New Zealand's big four banks collectively made more than $3.5 billion of profit in the last year in another record year for the sector.
Profits grew more than 9 per cent on 2011/12 - a boost of $303 million across the ANZ, Westpac, ASB and BNZ.
John Kensington, head of financial services at KPMG, said loan growth, lower funding costs and less pressure in competing for deposits had helped boost the bank profits.
At the same time the banks had also managed to keep a tight lid on costs while holding on to their margins.
"Given the size of these businesses it doesn't take much to boost profits when all those planets align."
Kensington said the profit growth showed New Zealand's banking sector was strong.
"It means they will have money to reinvest in communities through wages, employing more people and their work with community projects."
If the banks were not doing well they would be forced into cost cutting mode, he said.
Kensington said it was also positive the banks were not leaning on the Government in any way and their growth could indicate the New Zealand economy was headed in the right direction.
"It might be starting to show what is going to happen in the rest of the economy. We're hearing cautious optimism from the people we talk to."
As part of a report analysing last year's performance of the finance sector Massey University predicted bank profits would continue to grow but Kensington said that prediction was made before the Reserve Bank announced the cap on low-equity mortgage lending.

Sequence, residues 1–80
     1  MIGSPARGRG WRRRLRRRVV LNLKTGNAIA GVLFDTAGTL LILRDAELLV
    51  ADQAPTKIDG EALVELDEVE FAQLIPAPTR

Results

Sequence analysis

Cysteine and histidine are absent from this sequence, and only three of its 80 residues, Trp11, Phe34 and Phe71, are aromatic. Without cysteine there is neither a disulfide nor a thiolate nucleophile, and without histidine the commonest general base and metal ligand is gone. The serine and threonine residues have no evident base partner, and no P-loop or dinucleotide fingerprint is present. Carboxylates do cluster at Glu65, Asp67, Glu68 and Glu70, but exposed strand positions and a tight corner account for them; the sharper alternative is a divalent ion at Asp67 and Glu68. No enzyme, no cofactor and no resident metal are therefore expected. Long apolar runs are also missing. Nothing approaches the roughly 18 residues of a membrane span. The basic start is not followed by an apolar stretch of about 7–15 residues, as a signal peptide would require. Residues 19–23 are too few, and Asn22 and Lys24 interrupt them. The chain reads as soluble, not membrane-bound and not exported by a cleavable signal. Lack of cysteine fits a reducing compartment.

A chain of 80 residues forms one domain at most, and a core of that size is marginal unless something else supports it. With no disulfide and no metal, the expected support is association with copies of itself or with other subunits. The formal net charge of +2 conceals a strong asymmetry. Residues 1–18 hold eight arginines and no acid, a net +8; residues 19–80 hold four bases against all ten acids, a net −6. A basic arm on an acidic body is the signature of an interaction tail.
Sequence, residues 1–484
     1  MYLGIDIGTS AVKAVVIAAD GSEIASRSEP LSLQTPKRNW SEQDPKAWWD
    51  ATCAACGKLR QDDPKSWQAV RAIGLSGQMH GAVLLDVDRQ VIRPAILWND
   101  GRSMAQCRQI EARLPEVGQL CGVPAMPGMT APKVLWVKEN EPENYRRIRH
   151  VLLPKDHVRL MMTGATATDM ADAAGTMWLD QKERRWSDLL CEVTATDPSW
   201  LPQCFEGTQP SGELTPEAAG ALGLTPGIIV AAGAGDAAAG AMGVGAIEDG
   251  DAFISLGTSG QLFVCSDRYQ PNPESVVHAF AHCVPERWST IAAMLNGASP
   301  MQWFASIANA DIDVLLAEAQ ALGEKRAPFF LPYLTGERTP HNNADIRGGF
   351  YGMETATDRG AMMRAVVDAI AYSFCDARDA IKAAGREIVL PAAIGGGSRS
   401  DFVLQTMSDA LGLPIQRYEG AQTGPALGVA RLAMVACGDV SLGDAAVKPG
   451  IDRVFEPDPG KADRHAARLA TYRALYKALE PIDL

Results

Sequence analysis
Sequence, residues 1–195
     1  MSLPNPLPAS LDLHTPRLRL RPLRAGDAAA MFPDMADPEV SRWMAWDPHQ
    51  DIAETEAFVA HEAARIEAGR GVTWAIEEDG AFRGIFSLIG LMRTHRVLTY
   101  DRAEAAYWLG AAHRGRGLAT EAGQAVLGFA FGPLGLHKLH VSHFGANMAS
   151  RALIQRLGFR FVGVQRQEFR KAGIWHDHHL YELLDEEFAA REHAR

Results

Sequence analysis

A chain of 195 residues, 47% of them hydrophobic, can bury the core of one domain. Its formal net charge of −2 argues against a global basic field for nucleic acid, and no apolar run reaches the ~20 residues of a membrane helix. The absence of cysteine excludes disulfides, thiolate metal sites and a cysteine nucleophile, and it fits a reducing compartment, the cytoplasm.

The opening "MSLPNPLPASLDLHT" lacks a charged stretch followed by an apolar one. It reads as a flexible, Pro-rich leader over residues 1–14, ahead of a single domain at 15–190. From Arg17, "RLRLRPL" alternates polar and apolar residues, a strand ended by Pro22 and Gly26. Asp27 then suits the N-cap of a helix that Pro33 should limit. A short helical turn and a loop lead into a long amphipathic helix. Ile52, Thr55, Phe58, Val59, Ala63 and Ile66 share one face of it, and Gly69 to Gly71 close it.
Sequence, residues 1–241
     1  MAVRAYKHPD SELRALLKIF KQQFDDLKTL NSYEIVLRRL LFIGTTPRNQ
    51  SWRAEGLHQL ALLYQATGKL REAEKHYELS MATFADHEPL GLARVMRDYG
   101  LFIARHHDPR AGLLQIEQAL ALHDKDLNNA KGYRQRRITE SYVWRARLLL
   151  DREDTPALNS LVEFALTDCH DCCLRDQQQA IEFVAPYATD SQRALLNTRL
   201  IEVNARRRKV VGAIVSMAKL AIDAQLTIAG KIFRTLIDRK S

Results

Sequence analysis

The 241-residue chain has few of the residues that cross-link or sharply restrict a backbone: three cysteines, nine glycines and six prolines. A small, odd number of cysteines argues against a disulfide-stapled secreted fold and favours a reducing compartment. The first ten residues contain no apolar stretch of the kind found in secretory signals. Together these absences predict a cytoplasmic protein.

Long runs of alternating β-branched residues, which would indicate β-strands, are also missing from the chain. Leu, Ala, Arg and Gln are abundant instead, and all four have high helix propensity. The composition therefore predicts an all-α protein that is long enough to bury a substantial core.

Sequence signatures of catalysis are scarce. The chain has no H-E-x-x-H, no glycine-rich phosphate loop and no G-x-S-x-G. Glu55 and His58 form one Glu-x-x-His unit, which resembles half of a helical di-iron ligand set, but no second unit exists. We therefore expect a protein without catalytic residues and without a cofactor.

Competition for good credit had also increased as banks competed to lend to businesses with the best credit records, he said. "Those two factors might pare back some of the growth," Kensington said. "But by and large the signs are reasonably good for the banks."
Lachlan Colquhoun, head of markets analysis at East and Partners in Sydney, said the ANZ had been the stand-out performer.
"They did the integration of their brand and then won the market share war."
The country's largest bank is in the process of merging its National Bank brand into the ANZ.
But Colquhoun said the performance had been consistent across the banks in what was a low credit growth environment.
The banks were now faced with the challenge of the new low-equity rules and whether that would pinch bank profits.
But he said businesses had indicated they were heading into expansion mode which boded well for the banks.
"Will the growth follow through into next year? The imponderable is what is happening offshore."
Colquhoun said problems in the United States with its debt levels and the move to reduce the amount of money it is pumping into its economy could see borrowing costs rise which would have an impact on both the New Zealand banks and their Australian parents.
"Left to our own devices I see both economies doing well."